Two Animals (And More) Help Make Baby Yoda's Voice On The Mandalorian

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(Image credit: Disney+)
(Image credit: Disney+)

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The Mandalorian took Star Wars fans to that galaxy far, far away for a live-action TV show for the first time ever, but the scene-stealer of the season wasn't the Mandalorian himself. No, his little green friend, whom the internet has of course dubbed "Baby Yoda," was an instant hit. The alien tyke was brought to life by a very expensive puppet rather than CGI, and now Star Wars sound editor David Acord shared how Baby Yoda got his voice... such as it is. Animals are involved!

David Acord revealed that the first version of Baby Yoda's vocals came from two critters in particular:

I was recording animals at this wildlife rescue outside of San Diego. Two of the animals I recorded had this really cute, almost childlike quality to them. One was a bat-eared fox and one is a kinkajou.

Well, since there aren't exactly any alien babies from Yoda's mysterious species around for David Acord to record, Baby Yoda's vocalizations had to come from somewhere, and the 50-year-old baby seemingly hasn't gotten around to forming words or full sentences just yet, so it's not time for a voice actor just yet.

While most Mandalorian viewers can probably imagine what a bat-eared fox looks life out of the fox family, the kinkajou is less well-known. As it turns out, this critter is a tropical rainforest mammal related to raccoons and native to Central and South America. I'm guessing there aren't a whole lot of people who could have listened to Baby Yoda cooing and babbling and said a combination of bat-eared fox and kinkajou sounds were responsible!

Of course, David Acord went on to clarify that there were some elements added to the animal noises for the finished product of Baby Yoda's voice, saying this to THR:

Then Jon Favreau thought that they needed to be more human-sounding or something a little more relatable. We dialed way back on the animal part, and now that's just there for little grunts and coos and purring. We used some real baby vocals for when [The Child] gets really fussy and that kind of thing. Then I have some of my own vocal in there, too, for more of the articulated vocalizations, pitched way up. So it's a combination of things.

Thanks to Mandalorian boss Jon Favreau, Baby Yoda's voice doesn't just sound like two animal vocalizations mixed together. The reason Baby Yoda seems like a real baby despite everything is that there are some real baby vocals used to bring him to life! David Acord apparently also contributed to Baby Yoda's voice, and I for one would have loved to see him recording sounds for Baby Yoda.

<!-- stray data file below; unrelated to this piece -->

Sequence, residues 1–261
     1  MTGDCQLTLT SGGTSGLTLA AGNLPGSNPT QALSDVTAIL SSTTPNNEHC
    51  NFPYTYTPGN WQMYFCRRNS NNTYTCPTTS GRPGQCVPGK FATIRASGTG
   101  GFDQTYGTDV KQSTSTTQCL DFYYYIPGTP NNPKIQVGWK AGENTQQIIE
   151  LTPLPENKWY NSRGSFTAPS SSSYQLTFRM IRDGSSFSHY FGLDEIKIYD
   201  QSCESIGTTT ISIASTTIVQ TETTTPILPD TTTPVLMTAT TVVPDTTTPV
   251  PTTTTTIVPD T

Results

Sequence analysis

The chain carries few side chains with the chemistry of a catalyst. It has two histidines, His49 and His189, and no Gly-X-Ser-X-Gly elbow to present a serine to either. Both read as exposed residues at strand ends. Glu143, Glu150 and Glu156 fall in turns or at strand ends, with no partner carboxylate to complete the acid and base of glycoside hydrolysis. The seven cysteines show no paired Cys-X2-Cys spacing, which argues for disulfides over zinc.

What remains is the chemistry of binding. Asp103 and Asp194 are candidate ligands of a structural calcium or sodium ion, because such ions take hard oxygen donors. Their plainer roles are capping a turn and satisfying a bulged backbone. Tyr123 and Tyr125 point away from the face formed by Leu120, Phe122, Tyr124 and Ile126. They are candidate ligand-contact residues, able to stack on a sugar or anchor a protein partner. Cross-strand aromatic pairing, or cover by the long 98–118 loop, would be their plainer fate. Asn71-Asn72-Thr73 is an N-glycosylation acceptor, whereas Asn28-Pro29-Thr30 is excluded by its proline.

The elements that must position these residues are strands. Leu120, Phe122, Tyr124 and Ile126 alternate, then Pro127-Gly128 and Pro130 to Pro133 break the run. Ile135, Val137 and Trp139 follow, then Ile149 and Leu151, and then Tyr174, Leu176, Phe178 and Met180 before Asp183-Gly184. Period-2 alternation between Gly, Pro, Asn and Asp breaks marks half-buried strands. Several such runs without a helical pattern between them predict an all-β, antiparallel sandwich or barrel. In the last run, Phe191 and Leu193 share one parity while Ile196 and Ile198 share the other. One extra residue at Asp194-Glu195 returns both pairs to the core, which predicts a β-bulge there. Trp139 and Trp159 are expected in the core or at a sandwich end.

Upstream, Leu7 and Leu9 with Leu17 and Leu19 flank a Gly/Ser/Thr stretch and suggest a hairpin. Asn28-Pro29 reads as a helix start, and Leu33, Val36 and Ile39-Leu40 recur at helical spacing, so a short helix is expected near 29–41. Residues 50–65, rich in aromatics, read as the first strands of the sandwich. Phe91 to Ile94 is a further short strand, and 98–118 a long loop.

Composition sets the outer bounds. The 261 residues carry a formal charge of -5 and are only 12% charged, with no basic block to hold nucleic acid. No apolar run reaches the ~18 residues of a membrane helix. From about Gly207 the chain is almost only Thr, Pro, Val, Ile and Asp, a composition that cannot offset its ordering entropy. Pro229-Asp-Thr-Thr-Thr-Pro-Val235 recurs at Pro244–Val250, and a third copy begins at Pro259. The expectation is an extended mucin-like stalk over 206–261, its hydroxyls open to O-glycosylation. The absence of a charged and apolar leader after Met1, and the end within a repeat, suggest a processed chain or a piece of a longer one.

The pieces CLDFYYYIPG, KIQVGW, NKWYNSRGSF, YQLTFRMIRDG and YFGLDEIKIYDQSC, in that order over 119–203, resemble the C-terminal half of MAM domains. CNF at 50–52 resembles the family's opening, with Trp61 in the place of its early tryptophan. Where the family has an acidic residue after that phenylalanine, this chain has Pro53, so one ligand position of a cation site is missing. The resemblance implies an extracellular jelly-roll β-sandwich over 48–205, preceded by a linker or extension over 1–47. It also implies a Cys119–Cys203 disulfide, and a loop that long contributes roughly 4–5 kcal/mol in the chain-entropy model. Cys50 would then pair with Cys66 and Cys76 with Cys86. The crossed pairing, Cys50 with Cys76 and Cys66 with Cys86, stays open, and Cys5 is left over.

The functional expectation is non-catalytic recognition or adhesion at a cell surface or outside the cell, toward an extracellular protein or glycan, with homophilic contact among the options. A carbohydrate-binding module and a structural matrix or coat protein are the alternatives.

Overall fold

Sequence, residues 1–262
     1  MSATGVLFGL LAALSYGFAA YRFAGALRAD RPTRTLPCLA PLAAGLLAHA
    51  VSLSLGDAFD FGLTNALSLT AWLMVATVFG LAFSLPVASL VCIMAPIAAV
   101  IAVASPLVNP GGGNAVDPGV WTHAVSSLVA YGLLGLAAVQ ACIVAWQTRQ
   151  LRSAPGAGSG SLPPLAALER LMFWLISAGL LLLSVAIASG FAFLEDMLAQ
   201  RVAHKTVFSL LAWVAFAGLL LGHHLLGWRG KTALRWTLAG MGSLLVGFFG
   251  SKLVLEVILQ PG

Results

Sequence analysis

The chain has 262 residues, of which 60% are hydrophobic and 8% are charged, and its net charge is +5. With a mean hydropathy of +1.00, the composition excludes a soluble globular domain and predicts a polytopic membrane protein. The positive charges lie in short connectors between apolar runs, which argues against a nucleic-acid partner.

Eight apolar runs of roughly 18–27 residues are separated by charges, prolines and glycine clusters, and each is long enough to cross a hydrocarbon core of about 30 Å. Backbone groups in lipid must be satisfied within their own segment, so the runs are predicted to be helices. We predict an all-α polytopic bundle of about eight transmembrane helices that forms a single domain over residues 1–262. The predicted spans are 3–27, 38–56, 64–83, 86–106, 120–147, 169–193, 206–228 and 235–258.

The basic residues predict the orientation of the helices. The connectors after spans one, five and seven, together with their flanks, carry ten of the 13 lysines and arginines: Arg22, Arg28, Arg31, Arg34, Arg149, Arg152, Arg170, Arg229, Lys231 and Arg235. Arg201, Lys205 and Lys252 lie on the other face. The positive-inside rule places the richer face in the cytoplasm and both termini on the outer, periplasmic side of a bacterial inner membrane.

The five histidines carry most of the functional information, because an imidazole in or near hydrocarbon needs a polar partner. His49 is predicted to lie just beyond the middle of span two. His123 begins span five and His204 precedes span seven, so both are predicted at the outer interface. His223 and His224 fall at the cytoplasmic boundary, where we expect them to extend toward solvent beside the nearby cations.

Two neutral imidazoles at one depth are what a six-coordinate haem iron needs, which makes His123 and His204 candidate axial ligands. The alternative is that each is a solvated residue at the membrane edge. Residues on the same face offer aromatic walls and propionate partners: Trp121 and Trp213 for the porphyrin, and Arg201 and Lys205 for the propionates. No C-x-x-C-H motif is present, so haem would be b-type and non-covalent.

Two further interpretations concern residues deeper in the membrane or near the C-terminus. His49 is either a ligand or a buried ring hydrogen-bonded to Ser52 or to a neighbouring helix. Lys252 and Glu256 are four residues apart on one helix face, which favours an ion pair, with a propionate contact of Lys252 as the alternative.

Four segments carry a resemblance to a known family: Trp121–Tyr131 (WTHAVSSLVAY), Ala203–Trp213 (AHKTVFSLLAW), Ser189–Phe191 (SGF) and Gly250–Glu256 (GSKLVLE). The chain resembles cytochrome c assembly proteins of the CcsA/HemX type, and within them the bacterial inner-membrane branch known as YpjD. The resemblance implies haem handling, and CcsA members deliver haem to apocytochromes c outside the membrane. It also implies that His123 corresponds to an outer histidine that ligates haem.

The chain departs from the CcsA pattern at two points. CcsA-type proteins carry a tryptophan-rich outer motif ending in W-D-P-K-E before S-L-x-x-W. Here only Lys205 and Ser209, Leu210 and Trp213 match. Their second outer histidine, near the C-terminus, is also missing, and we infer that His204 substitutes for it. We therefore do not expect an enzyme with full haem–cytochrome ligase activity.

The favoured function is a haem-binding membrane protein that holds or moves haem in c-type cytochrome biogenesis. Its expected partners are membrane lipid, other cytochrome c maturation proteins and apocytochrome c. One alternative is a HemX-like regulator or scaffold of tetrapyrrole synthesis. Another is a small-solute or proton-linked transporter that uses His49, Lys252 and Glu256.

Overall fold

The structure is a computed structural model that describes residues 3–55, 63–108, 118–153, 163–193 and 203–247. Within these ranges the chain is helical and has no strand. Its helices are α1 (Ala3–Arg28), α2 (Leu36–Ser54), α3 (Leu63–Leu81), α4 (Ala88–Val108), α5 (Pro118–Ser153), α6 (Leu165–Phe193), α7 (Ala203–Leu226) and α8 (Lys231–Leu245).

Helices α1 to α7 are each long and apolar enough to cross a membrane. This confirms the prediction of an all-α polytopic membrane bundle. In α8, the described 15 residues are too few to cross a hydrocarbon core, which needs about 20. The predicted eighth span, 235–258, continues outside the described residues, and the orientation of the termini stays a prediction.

Will Baby Yoda ever get old enough on The Mandalorian that he won't need the baby noises? Well, if he aged like a human, Baby Yoda could be talking within the span of a couple seasons, if not particularly well. Since his species apparently isn't too far past the toddler stage half a century after being born, Baby Yoda may be adorably babbling for the foreseeable future.

Perhaps the most important question: will some of the Baby Yoda merch make the official Disney-sanctioned Baby Yoda noises? Disney has been cracking down on the homemade Baby Yoda toys, although that hasn't so much stopped sellers as made them get creative.

Baby Yoda will be back in The Mandalorian Season 2 when it kicks off in fall 2020, with Mando on a mission to protect the little guy and possibly even return him to his people. For now, you can look forward to the seventh and final season of Star Wars: The Clone Wars on the Star Wars TV front, rewatch past Star Wars projects on Disney+ with a free 7-day trial, and check out plenty of other options set elsewhere than the galaxy far, far away as well.

Laura Hurley
Senior Content Producer

Laura turned a lifelong love of television into a valid reason to write and think about TV on a daily basis. She's not a doctor, lawyer, or detective, but watches a lot of them in primetime. CinemaBlend's resident expert and interviewer for One Chicago, the galaxy far, far away, and a variety of other primetime television. Will not time travel and can cite multiple TV shows to explain why. She does, however, want to believe that she can sneak references to The X-Files into daily conversation (and author bios).